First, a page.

Stacey Moore was like everyone else at the tailgate parties before football games. They all played cornhole.

“I started looking around and noticed the intensity and skill level I don’t have,” the American Cornhole League commissioner said during a break of the National College Cornhole Championships at the Myrtle Beach Sports Complex. “I started to understand the strategy and the competitive nature of the game.”

Smiling, the cornhole league commissioner said the game rises above other drinking games like quarters because he started organizing teams, leagues and attaching statistics to the players and teams.

“It’s a real sport,” he said.

So real that the National College Cornhole Championships were held in Myrtle Beach for the second year. This year’s championships lasted three days and included awarding $50,000 in scholarships and booster club donations. And, he said, it has drawn about 200 players from 40 schools across the country.

“We’ve got some from North Dakota,” Moore said. “We’ve got a lot from Georgia and there’s a lot of Ohio.”

And, Moore said, the championships were broadcast on ESPN and ESPN2 throughout the tournament.

The basics are basic for tailgaters and league play. There’s a two-foot-by-four-foot board with the back of the board sloped a foot off the ground. Each board has a six-inch diameter hole about nine inches from the top of the board. Each bag is six square inches and weighs 16 ounces. The bags are filled with two cups of feed corn. Each player has four bags to toss and the game is over once a player reaches 21 points. The points are tallied with a bag resting on the top of the board called a woody. Woodies are worth a point. The bags that are either shot into the hole or pushed in the hole count as three points.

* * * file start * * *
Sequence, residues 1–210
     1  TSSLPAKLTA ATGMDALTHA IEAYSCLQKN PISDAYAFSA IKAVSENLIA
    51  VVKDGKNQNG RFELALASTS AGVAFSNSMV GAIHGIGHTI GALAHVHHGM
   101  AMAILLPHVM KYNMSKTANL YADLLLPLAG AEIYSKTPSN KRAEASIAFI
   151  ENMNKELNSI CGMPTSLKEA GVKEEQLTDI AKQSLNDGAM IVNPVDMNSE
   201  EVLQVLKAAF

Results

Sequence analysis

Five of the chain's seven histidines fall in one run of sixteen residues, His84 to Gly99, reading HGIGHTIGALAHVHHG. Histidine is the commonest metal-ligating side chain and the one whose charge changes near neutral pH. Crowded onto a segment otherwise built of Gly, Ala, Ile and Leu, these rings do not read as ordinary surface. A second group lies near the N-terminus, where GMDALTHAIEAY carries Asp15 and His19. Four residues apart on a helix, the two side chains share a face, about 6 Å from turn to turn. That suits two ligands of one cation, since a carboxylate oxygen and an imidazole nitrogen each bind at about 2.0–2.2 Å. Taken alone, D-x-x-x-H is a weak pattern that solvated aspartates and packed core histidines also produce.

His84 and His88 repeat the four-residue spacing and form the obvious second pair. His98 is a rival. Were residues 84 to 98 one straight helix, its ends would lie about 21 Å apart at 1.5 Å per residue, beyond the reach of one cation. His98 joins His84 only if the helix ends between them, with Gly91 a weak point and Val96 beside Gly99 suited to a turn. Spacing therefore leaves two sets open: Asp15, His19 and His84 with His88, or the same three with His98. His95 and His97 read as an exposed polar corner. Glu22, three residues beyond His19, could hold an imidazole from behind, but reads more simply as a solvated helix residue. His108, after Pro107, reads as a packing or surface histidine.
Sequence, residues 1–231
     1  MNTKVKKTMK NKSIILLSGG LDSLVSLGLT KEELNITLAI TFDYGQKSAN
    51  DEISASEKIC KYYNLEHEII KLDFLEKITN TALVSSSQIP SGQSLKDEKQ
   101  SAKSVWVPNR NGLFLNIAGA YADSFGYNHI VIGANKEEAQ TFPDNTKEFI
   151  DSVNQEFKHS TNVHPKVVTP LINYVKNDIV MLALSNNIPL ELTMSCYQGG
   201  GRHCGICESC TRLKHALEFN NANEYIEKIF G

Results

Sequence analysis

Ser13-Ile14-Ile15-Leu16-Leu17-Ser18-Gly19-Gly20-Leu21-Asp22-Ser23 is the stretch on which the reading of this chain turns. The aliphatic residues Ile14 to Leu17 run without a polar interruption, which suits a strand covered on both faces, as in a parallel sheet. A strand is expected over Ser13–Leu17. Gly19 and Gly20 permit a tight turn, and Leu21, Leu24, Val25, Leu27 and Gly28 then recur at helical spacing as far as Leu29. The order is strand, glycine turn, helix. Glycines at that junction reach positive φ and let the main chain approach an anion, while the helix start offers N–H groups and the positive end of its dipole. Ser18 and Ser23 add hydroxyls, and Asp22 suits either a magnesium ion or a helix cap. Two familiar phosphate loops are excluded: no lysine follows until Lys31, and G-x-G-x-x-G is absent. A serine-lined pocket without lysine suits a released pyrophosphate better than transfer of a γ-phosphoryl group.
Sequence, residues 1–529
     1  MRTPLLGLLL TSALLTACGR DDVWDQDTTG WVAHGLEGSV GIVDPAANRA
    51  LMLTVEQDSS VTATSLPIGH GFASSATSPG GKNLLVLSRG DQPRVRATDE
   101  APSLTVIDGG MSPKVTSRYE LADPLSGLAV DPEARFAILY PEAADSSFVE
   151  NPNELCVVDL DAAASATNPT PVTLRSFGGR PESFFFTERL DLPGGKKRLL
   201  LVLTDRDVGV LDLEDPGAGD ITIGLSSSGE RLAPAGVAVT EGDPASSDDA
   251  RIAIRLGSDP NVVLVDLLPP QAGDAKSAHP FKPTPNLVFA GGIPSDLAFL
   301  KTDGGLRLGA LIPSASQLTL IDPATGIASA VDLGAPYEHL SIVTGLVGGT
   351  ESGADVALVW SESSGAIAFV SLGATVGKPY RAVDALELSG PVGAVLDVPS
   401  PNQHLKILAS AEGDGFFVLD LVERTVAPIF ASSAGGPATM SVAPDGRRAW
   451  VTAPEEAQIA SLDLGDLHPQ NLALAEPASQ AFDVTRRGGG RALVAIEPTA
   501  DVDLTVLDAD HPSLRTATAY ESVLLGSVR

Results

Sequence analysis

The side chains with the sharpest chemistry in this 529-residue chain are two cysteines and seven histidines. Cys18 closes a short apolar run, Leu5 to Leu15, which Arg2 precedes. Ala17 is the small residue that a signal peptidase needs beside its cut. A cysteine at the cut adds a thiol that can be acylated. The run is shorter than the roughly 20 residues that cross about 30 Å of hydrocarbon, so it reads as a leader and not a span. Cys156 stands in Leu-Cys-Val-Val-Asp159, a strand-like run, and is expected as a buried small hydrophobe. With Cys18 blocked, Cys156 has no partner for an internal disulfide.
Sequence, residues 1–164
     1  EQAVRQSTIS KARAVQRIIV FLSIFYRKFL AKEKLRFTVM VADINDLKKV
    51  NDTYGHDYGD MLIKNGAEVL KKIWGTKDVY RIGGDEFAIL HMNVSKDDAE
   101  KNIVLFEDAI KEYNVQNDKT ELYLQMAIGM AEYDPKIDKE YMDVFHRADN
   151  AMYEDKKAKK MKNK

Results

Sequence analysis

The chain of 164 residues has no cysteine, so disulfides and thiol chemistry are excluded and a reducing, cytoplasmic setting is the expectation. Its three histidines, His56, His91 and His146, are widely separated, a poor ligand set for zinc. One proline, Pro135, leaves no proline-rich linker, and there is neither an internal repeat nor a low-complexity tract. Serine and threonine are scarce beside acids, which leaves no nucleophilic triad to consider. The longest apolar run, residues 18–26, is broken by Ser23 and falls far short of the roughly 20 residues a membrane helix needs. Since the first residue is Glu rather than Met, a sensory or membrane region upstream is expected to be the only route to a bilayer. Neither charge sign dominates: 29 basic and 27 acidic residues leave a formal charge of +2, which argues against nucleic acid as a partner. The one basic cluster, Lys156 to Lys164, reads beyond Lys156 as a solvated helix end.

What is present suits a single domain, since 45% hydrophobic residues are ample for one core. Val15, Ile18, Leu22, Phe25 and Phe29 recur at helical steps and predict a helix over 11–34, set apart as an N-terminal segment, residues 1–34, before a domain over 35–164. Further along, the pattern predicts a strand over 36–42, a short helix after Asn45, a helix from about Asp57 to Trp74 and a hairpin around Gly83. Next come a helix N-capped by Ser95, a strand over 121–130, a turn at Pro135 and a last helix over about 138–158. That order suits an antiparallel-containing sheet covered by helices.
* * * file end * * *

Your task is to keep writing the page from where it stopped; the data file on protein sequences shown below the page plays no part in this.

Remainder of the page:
The only difference between league play and social play is the league boards have “no bounce so you can’t make the bags bounce over” on the board, Moore said.

Jack Parham of Georgia Southern University said he’s only been playing a few months, but he’s hooked.

“I’m fired up,” the slender Georgia resident said after losing a match to the more experienced Isaac Green of the University to Virginia College at Wise.

Parham said he’s perfecting his air mail shots (the bag is tossed at a higher angle and drops in the hole) and working on the push shots (a lower angle toss designed to push an opponents bag off the board or his bag in the hole.)

“You’ve got to keep it on the board,” Green added. “A bag off the board is a dead bag. A bag on the board is point.”

Around the corner from Parham and Green was Tyler Duncan sitting in a chair waiting for a turn to play.

Duncan, a student at Virginia Wesleyan University, said he’s only been playing cornhole for a few months too.

“It’s something to do other than golf,” the member of the university’s golf team said. “I love golf, but cornhole’s competitive too.”

Duncan had lost to Parham’s teammate, Jay Graham, by double digits in an earlier round as Graham stacked his four bags walking by and nodding at Duncan.

Graham has been playing cornhole more than five years. He practices and plays in tournaments around Georgia Southern.

“It’s consistency,” the pre-med student said of his strategy. “Be consistent. Keep the bag down the middle and protect the hole.”

The commissioner said he is planning on returning to the beach again next year and looks forward to the sport growing.

“It’s real,” Moore said. “It is a real sport.”

Janet Morgan is the editor of the Myrtle Beach Herald. Contact her at 843-488-7258 or at janet.morgan@myhorrynews.com.

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